A bill to amend the Higher Education Act of 1965 to provide for institutional ineligibility based on low cohort repayment rates and to require risk sharing payments of institutions of higher education.
The bill’s titles are written by its sponsor.
Sponsor and status
Sponsor. Senior Senator for New Hampshire. Democrat.
Last Updated: Dec 14, 2017
Length: 18 pages
115th Congress, 2017–2019
This bill was introduced on December 14, 2017, in a previous session of Congress, but was not enacted.
Aug 5, 2015
Earlier Version — Introduced
This activity took place on a related bill, S. 1939 (114th).
Dec 14, 2017
Bills and resolutions are referred to committees which debate the bill before possibly sending it on to the whole chamber.
May 16, 2019
Reintroduced Bill — Introduced
This activity took place on a related bill, S. 1525.
S. 2231 (115th) was a bill in the United States Congress.
A bill must be passed by both the House and Senate in identical form and then be signed by the President to become law.
This bill was introduced in the 115th Congress, which met from Jan 3, 2017 to Jan 3, 2019. Legislation not enacted by the end of a Congress is cleared from the books.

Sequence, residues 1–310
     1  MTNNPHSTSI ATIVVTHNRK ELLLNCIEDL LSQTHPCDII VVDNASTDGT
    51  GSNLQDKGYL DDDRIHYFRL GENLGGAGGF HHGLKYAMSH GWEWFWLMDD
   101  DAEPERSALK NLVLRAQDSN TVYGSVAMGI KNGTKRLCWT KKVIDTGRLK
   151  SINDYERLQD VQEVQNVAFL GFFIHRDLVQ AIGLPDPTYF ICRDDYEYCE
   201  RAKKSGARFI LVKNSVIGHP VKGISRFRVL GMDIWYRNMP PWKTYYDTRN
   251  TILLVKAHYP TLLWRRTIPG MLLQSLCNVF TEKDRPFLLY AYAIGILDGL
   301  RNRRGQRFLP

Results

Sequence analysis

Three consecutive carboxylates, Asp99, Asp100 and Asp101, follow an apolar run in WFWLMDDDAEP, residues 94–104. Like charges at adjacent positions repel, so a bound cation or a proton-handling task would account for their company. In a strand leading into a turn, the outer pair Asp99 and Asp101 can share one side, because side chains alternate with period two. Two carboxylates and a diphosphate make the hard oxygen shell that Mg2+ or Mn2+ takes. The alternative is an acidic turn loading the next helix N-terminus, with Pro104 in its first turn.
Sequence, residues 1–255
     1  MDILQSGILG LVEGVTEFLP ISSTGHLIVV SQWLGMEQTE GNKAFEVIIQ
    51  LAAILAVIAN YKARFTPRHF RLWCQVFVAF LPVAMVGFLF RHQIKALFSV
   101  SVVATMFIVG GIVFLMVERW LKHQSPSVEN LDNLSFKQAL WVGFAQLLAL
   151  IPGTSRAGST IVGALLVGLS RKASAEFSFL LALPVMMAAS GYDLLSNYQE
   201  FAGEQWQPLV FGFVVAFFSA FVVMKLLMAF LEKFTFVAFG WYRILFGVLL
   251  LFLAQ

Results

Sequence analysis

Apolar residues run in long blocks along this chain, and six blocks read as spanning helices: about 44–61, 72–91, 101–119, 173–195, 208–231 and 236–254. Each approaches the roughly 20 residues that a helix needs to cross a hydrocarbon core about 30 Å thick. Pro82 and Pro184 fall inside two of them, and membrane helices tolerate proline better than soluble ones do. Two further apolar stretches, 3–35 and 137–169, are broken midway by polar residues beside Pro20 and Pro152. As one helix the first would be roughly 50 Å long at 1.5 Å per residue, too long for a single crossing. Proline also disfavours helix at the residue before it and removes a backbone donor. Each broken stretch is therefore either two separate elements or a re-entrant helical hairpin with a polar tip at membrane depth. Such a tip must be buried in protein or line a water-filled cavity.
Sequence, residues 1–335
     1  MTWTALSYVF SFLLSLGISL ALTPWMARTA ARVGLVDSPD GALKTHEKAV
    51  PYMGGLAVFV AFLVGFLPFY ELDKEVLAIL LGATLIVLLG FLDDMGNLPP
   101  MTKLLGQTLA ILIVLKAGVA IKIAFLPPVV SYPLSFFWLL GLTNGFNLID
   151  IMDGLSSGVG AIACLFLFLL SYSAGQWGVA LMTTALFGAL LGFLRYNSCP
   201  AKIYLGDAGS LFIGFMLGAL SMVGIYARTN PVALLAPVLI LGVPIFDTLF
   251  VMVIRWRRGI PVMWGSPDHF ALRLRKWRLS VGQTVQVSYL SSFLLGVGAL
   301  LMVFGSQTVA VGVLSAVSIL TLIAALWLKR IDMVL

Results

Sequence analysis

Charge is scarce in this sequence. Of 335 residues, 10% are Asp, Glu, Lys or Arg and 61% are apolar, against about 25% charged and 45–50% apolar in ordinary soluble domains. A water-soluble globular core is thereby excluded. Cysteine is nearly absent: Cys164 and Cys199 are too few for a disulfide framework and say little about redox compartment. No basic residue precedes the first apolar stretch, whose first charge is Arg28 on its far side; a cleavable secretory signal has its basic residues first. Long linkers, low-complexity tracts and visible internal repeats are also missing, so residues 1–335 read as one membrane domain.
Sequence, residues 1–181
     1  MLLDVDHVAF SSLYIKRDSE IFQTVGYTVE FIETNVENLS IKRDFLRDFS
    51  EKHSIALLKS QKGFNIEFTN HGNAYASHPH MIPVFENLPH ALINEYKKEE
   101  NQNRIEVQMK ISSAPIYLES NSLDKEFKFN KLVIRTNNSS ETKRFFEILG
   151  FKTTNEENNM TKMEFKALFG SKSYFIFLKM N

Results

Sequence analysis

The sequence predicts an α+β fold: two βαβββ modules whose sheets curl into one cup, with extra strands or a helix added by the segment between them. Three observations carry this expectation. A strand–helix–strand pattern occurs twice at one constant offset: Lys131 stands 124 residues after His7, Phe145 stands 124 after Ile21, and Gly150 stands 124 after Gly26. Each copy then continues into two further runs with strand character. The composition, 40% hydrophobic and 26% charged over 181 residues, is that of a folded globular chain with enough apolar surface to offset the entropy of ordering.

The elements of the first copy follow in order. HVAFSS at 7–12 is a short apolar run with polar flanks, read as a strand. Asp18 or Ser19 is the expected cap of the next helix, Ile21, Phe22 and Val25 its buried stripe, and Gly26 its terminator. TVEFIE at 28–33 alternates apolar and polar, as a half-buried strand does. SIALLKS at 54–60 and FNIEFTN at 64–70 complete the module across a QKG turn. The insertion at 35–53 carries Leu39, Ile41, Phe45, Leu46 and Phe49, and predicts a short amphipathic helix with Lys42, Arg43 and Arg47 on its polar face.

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GovTrack.us. (2019). S. 2231 — 115th Congress: Student Protection and Success Act. Retrieved from https://www.govtrack.us/congress/bills/115/s2231
“S. 2231 — 115th Congress: Student Protection and Success Act.” www.GovTrack.us. 2017. December 12, 2019 <https://www.govtrack.us/congress/bills/115/s2231>
Student Protection and Success Act, S. 2231, 115th Cong. (2017).
|title=S. 2231 (115th)
|accessdate=December 12, 2019
|author=115th Congress (2017)
|date=December 14, 2017
|quote=Student Protection and Success Act
Where is this information from?
GovTrack automatically collects legislative information from a variety of governmental and non-governmental sources. This page is sourced primarily from Congress.gov, the official portal of the United States Congress. Congress.gov is generally updated one day after events occur, and so legislative activity shown here may be one day behind. Data via the congress project.